Elementary Google Apps EDU

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Apple iPhone Screen Shot of email using Google Apps for Education

Back in December I wrote about our Google Apps EDU rollout with elementary students. As I mentioned in that post Iwas initially bit unsure as to how much these kids really needed Google Accounts  and wondered if they could even remember their passwords. However, as I wrote the kids really surprised me and I found that not only were they way more adept than I thought they would be, the accounts are helping us provide opportunities for technology equity, student voice, and real-world digital citizenship.

Observing the students over the past three months I am even more convinced we made the right decision. Beyond what I shared in the earlier post, I’m learning that these accounts are not only changing the kids, but they are changing us. Contrary to what many of us (me included) might think, our elementary students definitely know how to use their accounts (yes, there are the occasional forgotten passwords) and see the learning potential that comes by being connected learners. The screen shot above is a perfect example. Jessica (not the student’s real name), a 2nd grader, was struggling with her homework. So what did she do? Wait until the next morning and ask for help? Of course not! Instead she emailed her teacher and asked for a math video. Jessica’s teacher has started creating math videos (short screencasts) and posting them to her website. This particular evening the teacher had not posted one, but Jessica (at 7 years old) already knows that these tools help her learn and has  agency for her own learning, so she is willing to request one.

Just let that sink in for a second…

This same group of children is also organizing a magic club via email (they invited me to join, so I am on all of the messages). One of these students asked if he could create a screencast showing his class how to add their ancestor projects to a collaborative Google Map, so of course we did!

With the roll out of Google accounts we’ve also introduced 1st, 2nd, and 3rd graders to blogging. Thanks to excellent blogging role models, like Linda Yollis and the school’s principal, Jennifer Kloczko, the drive to produce, publish, and comment has taken hold with our students. Last month was Family Blogging Month where the school encouraged students to contribute pieces to each classroom’s blog that were read and commented on by families, friends, and readers from all over the world. It only took one or two posts followed by a few comments for the students to understand the power and excitement of publishing for a global audience. Now students (from all grade levels) are submitting posts on their own accord via email or Google Docs for their teachers to publish. The principal, Jennifer, shared last week that when she was greeting students as they arrived at school one of them came up to her and said, “Mrs. Kloczko I have so many things I want to write about for my class blog. Today I think I am going with a list!”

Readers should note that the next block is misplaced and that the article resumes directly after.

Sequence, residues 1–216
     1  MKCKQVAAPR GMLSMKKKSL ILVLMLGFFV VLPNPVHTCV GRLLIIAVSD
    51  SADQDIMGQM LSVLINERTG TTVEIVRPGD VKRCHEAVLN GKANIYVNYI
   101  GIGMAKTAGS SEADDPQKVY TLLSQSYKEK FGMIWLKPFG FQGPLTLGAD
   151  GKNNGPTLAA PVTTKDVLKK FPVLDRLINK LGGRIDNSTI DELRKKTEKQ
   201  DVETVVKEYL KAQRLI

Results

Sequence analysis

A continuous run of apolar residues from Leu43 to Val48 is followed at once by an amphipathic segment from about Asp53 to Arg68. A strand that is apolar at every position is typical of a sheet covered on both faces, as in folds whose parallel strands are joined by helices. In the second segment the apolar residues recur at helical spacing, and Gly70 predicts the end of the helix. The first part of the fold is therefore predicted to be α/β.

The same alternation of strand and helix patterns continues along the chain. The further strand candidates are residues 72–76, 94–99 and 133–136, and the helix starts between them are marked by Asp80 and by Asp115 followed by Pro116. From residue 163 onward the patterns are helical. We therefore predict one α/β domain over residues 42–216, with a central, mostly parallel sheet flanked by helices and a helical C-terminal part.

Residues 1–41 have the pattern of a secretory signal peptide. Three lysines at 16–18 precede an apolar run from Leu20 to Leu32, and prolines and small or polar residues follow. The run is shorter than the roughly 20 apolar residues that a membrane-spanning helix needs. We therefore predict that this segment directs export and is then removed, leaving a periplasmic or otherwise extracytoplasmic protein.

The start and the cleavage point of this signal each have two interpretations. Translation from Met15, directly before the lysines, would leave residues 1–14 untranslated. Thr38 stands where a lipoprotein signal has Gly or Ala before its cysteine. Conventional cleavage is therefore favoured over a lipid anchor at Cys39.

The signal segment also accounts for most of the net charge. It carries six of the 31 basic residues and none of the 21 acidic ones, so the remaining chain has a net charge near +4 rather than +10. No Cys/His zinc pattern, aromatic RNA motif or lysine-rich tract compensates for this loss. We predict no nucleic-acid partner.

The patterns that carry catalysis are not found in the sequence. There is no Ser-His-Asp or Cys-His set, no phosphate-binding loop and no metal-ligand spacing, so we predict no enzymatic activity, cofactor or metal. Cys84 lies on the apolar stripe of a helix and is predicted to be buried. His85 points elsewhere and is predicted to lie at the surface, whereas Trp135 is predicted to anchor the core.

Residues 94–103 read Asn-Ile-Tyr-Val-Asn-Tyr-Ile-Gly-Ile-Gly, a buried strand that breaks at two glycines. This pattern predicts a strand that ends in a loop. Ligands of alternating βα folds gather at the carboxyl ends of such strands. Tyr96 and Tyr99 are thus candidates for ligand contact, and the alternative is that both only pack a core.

If you have a few minutes click here to check out some of their posts. They truly are amazing, especially when you consider most of the posts were independently generated (i.e NOT an assignment) by writers ranging from 6-8 years old.

When I share these stories with middle and high school teachers their eyes momentarily pop out. The world is changing and these students are going to force us to recognize those changes. We have a group of connected elementary students who innately understand the role technology can play in their learning through online collaboration and communication. They are a different generation than our current middle and high school students and we will need to change how we teach to meet their needs. I can already see that blended learning will be natural and expected by these kids. “What do you mean you don’t have a video so I can figure this out at home?” They’re not going to need our current 6th grade technology elective where we have historically introduced typing, Google Apps, and other online tools. Publishing for a global audience will be natural and nothing new. Finally, they will expect connected learning environments – email, text, social media.

Every Thursday I read (paper books) to most of these students and learning from them has become one of my most favorite parts of the week. They are teaching me what it really means to chart the long-term vision of a technology department and as the first rule in their computer lab states, “No freaking out!”

Joe

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